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People v. Gil

Supreme Court of New York, Second Department

August 7, 2013

The People of the State of New York, respondent,
v.
Antonio Gil, appellant. Ind. No. 11-00328

Steven A. Feldman, Uniondale, N.Y. (Arza Feldman of counsel), for appellant.

Francis D. Phillips II, District Attorney, Middletown, N.Y. (Andrew R. Kass of counsel), for respondent.

MARK C. DILLON, J.P., RUTH C. BALKIN, THOMAS A. DICKERSON, SYLVIA O. HINDS-RADIX, JJ.

DECISION & ORDER

Appeal by the defendant from a judgment of the County Court, Orange County (Berry, J.), rendered December 13, 2011, convicting him of criminal possession of a weapon in the second degree, upon his plea of guilty, and imposing sentence.

ORDERED that the judgment is affirmed.

In November 2011, the defendant agreed to plead guilty to one count of criminal possession of a weapon in the second degree, in satisfaction of a multicount indictment. On the day the defendant pleaded guilty, the court told him that a condition of the plea agreement was that he waive his right to appeal. The court did not, however, explain the right to appeal until the date the defendant was sentenced, more than a month after the defendant pleaded guilty, and only after the sentence was actually pronounced. Also, the defendant's written waiver of the right to appeal was executed after the pronouncement of sentence. These circumstances do not establish that the defendant knowingly, voluntarily, and intelligently agreed to waive his right to appeal as a condition of his plea of guilty. Accordingly, the appeal waiver may not be enforced (see People v Bradshaw, 18 N.Y.3d 257, 265; People v Lopez, 6 N.Y.3d 248, 256; People v Bouton, 107 A.D.3d 1035, 1036-1037).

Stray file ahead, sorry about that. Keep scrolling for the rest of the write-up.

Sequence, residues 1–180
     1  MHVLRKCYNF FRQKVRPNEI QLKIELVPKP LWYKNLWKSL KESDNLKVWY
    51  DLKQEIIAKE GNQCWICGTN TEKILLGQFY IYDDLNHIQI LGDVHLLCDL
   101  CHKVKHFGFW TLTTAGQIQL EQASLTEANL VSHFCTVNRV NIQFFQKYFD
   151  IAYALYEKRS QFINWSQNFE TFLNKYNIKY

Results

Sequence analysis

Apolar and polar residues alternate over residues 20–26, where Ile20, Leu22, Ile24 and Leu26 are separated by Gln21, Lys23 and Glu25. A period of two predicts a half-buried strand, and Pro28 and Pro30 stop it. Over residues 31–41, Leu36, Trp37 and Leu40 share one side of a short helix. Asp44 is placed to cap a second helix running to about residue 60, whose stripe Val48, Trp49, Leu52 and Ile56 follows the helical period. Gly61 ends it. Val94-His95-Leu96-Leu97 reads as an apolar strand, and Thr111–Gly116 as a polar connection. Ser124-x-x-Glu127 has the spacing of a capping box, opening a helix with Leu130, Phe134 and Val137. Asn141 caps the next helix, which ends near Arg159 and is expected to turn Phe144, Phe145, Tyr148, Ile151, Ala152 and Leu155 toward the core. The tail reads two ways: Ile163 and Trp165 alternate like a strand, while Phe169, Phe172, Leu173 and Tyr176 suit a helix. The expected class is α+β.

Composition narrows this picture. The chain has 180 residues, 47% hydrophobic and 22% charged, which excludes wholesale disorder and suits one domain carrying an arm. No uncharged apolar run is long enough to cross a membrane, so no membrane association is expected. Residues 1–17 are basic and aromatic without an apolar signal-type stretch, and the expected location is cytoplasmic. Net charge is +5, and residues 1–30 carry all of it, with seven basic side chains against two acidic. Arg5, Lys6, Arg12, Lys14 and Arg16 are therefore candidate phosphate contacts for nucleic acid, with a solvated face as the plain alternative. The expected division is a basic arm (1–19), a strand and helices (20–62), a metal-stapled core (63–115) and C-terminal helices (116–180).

Nonetheless, the defendant's contention that the sentence violated the Eighth Amendment prohibition against cruel and unusual punishment is unpreserved for appellate review (see People v Gonzales, 101 A.D.3d 1149, 1151), and, in any event, is without merit (see People v Khan, 89 A.D.3d 750, 751-752). Furthermore, the sentence imposed was not excessive (see People v Suitte, 90 A.D.2d 80).

DILLON, J.P., BALKIN, DICKERSON and HINDS-RADIX, JJ., concur.


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